If George R.R. Martin had his way, “Game of Thrones” would have continued for several years longer than it did.

That’s the revelation the author behind the HBO hit provides in a new interview with Fast Company (via Digital Spy), admitting that “it can be traumatic” when adapting a story for the screen that’s as dense and sprawling as A Song of Ice and Fire.

“Because sometimes their creative vision and your creative vision don’t match, and you get the famous creative differences thing — that leads to a lot of conflict,” Martin admits.

“You get totally extraneous things like the studio or the network weighing in,” he continues. “And they have some particular thing that has nothing to do with story, but relates to, ‘Well this character has a very high Q rating so let’s give him a lot more stuff to do.’” (A Q rating measures the audience’s familiarity and positive response to TV actors and their characters.)

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As a result, he adds: “The [final] series has been not completely faithful. Otherwise, it would have to run another five seasons.”

Following the much-discussed “Game of Thrones” finale earlier this year, Martin took to his blog to explain that the final seasons of the series — which followed the plot of his yet-to-be published final two books in the series — won’t be identical to the novels.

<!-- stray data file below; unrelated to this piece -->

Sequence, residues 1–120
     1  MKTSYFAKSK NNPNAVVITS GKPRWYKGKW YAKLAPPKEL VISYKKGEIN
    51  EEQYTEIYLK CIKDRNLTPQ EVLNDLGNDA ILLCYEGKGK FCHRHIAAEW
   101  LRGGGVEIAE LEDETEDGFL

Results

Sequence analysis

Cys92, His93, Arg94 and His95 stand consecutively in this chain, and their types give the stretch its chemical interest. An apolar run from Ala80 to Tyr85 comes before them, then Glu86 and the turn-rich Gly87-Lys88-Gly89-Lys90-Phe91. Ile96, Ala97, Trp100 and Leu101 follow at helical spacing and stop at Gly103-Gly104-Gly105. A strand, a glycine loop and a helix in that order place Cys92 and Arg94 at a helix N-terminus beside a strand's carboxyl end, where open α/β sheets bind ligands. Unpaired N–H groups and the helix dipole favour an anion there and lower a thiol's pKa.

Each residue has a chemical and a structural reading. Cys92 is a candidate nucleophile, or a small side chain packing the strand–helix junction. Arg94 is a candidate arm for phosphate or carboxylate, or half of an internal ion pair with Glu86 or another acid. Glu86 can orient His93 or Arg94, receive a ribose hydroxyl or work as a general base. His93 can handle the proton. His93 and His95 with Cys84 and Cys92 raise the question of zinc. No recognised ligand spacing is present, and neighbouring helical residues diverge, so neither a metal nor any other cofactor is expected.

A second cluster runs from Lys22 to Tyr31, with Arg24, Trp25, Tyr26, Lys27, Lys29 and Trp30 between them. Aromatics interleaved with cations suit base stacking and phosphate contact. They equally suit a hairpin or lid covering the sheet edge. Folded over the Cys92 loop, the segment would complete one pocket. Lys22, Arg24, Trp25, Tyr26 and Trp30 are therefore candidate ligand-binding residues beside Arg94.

“There are characters who never made it onto the screen at all, and others who died in the show but still live in the books,” Martin wrote. “So if nothing else, the readers will learn what happened to Jeyne Poole, Lady Stoneheart, Penny and her pig, Skahaz Shavepate, Arianne Martell, Darkstar, Victarion Greyjoy, Ser Garlan the Gallant, Aegon VI, and a myriad of other characters both great and small that viewers of the show never had the chance to meet.”

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And what about that ending that left fans so divided? According to Martin, it will be the same… but different.

“How will it all end? I hear people asking,” he explains. “The same ending as the show? Different? Well… yes. And no. And yes. And no. And yes. And no. And yes. I am working in a very different medium than [showrunners] David [Benioff] and Dan [Weiss], never forget. They had six hours for this final season. I expect these last two books of mine will fill 3,000 manuscript pages between them before I’m done… and if more pages and chapters and scenes are needed, I’ll add them.”

He concluded: “How about this? I’ll write it. You read it. Then everyone can make up their own mind, and argue about it on the internet.”

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